U.S. natural gas futures slid about 2% on Friday ahead of the long Christmas holiday weekend on record output and mild weather that should allow utilities to keep pulling less gas from storage through the end of the year.
Analysts forecast there was around 10.4% more gas in storage than usual for this time of year.
That price decline came despite forecasts for much colder weather and higher heating demand in January and as record amounts of gas flow to the U.S. liquefied natural gas (LNG) export plants.
Front-month gas futures for January delivery on the New York Mercantile Exchange fell 3.8 cents, or 1.5%, to $2.534 per million British thermal units (mmBtu) at 10:01 a.m. EST (1501 GMT).
For the week, the contract was up about 2% after falling about 29% over the prior six weeks.
Record production and ample supplies of gas in storage have weighed on gas prices for weeks, prompting some traders to forecast that futures for this winter (November-March) already peaked at $3.608 per mmBtu on Nov. 1.
Looking ahead, analysts project U.S. gas prices will rise in coming years as new LNG export plants enter service in the United States, Canada and Mexico to meet rising global demand of the fuel.
But expected delays at Exxon Mobil /QatarEnergy’s Golden Pass LNG export plant in Texas and Venture Global LNG’s Plaquemines in Louisiana have caused some analysts to reduce their forecasts for U.S. gas demand and prices in 2024.
SUPPLY AND DEMAND
Financial firm LSEG said average gas output in the lower 48 U.S. states rose to 108.6 billion cubic feet per day (bcfd) so far in December from a record 108.3 bcfd in November.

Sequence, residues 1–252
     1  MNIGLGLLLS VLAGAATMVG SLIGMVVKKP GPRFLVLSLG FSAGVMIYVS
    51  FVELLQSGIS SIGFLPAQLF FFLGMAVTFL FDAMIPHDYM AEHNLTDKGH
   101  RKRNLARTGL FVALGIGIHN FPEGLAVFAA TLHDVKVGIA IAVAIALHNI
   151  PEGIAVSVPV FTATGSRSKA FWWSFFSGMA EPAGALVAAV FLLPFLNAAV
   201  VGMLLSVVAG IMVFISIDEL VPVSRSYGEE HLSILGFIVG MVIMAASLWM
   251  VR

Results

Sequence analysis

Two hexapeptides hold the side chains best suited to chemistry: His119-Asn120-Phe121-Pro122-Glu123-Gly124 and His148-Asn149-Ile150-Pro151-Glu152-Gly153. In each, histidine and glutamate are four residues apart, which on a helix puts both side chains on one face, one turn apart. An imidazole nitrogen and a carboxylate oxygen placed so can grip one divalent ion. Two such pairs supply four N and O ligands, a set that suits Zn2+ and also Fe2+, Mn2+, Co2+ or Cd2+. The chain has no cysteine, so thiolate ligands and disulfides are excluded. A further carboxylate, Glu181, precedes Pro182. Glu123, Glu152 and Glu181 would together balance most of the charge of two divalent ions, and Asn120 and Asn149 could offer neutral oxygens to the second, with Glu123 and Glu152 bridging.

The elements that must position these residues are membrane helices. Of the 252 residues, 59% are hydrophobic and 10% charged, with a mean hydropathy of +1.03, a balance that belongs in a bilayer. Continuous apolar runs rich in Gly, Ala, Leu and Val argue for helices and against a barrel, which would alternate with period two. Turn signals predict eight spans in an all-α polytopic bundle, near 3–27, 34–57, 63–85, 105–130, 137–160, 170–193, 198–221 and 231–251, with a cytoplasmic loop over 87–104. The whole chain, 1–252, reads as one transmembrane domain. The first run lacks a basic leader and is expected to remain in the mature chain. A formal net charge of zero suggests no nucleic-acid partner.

Meteorologists projected the weather would remain warmer than normal through Dec. 30 before turning near to colder than normal from Dec. 31-Jan. 6.
LSEG forecast U.S. gas demand in the Lower 48 states, including exports, would drop from 126.5 bcfd this week to 121.6 bcfd next week as many businesses and government offices shut for the Christmas holiday, before jumping to 135.8 bcfd in two weeks when the weather turns colder. The forecasts for this week and next week were higher than LSEG’s outlook on Thursday.
U.S. pipeline exports to Mexico fell to an average of 4.2 bcfd so far in December, down from 5.6 bcfd in November and a record 7.0 bcfd in August.
Analysts, however, expect exports to Mexico to rise in coming months once U.S. energy company New Fortress Energy’s plant in Altamira starts pulling in U.S. gas to turn into LNG for export in December.
Gas flows to the seven big U.S. LNG export plants rose to an average of 14.6 bcfd so far in December, up from a record 14.3 bcfd in November.
The United States is on track to become the world’s biggest LNG supplier in 2023, ahead of recent leaders Australia and Qatar. Much higher global prices have fed demand for U.S. exports due in part to supply disruptions and sanctions linked to the war in Ukraine.
Gas was trading around $11 per mmBtu at the Dutch Title Transfer Facility (TTF) benchmark in Europe and $12 at the Japan Korea Marker (JKM) in Asia.
(Reporting by Scott DiSavino; Editing by Emelia Sithole-Matarise)